Editor's note: This article appeared in the April 7, 2014, edition of Quirk's e-newsletter.

It's fitting, isn't it, that an article about being more conversational in your research would stimulate one of the most lively online conversations we've seen recently here at Quirk's Marketing Research Media? This is precisely the case with Peanut Labs' Annie Pettit's article, titled "Forget gamification; try writing a humanized survey," in Quirk's February 10, 2014, e-newsletter.

As the world we live in becomes more informal by the minute, Pettit's article walks readers through a research-on-research report on a test of traditional vs. more-conversational styles of survey-question wording. The research was conducted with a non-branded survey about computer- and video-gaming opinions and behaviors that was first written using traditional survey wording and style and then copied into a second version where about 90 percent of the questions were rewritten with a more casual and humanized approach. Pettit looks at overall respondent engagement and satisfaction and the incidence of data-quality issues, such as too-short open-ends, straightlining, speeding and acquiescing.


Perhaps not surprisingly, respondents showed a slight preference for the humanized version and it yielded as-good-or-better data than the traditional model. Some enthusiastic Quirk's readers were happy to chip in their two cents via the Disqus commenting platform.


Here are a few highlights from the online discussion. Feel free to click through and share your thoughts as well! (No need to create a new account if you don't want to; you can sign in via Facebook, Twitter or Google+.)


"I try to sneak humanized questions onto surveys until I get the disapproving stink-eye from my superiors. However, I will persevere in my quest!" - Robert


"This is the worst advice on questionnaire design I have ever seen . . . unless the aim is to make respondents cringe." - John


"Glad to make YOU cringe. The only way we can improve what we do is to spin it on its head once in a while. Doing things the same way we've always done them is never a recipe for success." - Annie Pettit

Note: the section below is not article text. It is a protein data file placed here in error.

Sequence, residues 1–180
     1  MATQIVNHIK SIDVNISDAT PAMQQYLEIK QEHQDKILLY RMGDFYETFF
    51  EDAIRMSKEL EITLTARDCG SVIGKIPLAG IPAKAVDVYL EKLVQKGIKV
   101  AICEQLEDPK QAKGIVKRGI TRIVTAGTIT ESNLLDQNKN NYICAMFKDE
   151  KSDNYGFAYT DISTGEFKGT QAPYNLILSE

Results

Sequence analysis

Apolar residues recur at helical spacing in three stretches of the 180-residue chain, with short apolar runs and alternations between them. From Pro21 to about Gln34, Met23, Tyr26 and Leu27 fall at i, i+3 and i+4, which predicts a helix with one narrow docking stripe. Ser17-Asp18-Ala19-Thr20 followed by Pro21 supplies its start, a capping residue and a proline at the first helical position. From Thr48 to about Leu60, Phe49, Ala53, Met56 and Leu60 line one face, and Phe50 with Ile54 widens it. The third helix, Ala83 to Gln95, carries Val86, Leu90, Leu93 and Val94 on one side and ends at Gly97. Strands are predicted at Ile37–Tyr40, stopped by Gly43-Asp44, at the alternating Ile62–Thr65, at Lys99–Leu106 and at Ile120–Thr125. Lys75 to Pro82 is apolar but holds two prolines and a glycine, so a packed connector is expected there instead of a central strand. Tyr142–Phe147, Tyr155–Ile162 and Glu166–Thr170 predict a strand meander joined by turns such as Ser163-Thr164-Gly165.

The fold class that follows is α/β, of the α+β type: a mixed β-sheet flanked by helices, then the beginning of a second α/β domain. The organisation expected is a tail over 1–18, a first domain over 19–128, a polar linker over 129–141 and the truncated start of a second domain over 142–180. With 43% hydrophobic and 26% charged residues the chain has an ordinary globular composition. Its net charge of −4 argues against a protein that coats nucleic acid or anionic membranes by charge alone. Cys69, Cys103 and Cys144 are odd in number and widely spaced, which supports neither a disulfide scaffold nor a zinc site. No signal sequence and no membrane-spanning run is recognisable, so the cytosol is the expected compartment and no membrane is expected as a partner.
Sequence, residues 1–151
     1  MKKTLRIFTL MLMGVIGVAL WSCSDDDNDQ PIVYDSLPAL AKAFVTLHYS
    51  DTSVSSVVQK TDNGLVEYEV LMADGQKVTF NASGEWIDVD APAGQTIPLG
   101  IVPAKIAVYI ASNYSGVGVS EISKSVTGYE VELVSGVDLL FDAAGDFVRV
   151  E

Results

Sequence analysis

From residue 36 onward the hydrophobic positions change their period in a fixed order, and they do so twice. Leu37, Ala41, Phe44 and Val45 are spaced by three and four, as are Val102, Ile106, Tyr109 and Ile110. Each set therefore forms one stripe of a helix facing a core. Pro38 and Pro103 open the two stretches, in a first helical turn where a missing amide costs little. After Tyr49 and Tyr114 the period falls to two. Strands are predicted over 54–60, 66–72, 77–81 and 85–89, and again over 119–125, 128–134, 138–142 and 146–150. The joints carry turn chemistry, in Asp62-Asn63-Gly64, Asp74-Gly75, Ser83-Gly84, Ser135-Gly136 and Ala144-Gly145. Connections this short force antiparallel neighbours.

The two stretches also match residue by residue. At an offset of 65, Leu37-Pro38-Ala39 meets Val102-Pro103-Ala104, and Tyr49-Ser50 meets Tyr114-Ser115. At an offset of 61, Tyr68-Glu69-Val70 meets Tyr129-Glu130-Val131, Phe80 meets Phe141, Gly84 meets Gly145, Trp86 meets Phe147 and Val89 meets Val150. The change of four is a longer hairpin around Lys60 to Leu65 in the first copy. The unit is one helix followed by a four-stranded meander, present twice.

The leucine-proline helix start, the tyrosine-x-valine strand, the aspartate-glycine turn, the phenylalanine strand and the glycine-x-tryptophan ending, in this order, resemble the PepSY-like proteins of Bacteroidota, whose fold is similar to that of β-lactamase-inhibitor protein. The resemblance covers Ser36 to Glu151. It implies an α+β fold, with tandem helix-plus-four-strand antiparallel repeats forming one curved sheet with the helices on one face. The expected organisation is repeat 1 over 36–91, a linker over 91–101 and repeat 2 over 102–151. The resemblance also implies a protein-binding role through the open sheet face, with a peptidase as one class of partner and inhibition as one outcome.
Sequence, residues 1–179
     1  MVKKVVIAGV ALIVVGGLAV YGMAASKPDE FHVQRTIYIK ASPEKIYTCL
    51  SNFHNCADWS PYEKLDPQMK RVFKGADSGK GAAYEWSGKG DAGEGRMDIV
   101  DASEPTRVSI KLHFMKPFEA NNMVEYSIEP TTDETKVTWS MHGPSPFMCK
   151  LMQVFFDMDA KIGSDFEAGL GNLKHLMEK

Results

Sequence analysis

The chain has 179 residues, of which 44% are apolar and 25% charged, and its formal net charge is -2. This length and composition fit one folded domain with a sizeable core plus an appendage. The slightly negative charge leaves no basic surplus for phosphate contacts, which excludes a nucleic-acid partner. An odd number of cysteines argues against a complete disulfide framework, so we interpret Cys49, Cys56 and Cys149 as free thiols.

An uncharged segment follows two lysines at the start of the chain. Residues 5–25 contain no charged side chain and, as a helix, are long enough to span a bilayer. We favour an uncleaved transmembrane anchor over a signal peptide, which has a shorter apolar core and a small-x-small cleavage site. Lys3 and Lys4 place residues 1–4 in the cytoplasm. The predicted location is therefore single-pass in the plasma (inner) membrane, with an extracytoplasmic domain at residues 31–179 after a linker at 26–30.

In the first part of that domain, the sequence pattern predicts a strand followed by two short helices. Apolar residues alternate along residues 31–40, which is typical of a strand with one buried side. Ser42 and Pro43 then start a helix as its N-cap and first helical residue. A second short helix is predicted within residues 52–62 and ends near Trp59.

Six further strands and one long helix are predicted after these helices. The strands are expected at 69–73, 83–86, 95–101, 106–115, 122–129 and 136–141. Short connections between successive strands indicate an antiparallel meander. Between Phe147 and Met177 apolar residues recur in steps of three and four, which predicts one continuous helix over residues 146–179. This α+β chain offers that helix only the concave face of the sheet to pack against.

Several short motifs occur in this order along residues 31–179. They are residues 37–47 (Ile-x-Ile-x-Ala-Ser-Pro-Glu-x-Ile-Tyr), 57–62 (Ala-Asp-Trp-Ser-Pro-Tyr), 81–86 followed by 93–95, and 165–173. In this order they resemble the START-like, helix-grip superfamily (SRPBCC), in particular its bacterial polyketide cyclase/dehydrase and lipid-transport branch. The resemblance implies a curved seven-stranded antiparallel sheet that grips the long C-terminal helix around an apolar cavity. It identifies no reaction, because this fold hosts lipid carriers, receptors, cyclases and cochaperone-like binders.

"Surely, some survey participants will cringe (as John suggests) at a 'humanized' version, while others will enjoy and embrace it. But who'll hate it and who'll love it? Does your data reveal any insights into the role of demographics, in terms of dropouts and ratings (traditional vs. humanized)? E.g., the most obvious: Is there an age skew? (Thinking the young are less receptive to the standard survey lingo while more susceptible to the conversational approach)." - Dan Kvistbo


"I like to think that a good survey is akin to a conversation, while a poor one resembles an uncomfortable interrogation. Thanks for reminding us that researchers should be able to engage their audience in a pleasant conversation." - Larry Kilbourne


"Face to face, there are a thousand different interviewer styles out there - personally I think most of them will have no trouble with a more friendly wording style, though there will be the occasional vociferous objection. I was told at an early stage to use my common sense but my common sense is working harder now than it ever has before. I'm literally having to translate questions into plain English as I read them out loud, make jokes and carry and coach the respondent along through awful repetitive situations. But this should all be structured and ironed out at the authoring stage so that inexperienced interviewers can deliver quality results." - alan851603


"Respondent receptivity is one thing; client acceptance of the informal version is quite another!" - gk


"I work in a B2B marketing research group and we have a very difficult time breaking out of our boring - yet grammatically proper - questionnaires. Your article will inspire us to try something new." - Nicole Newton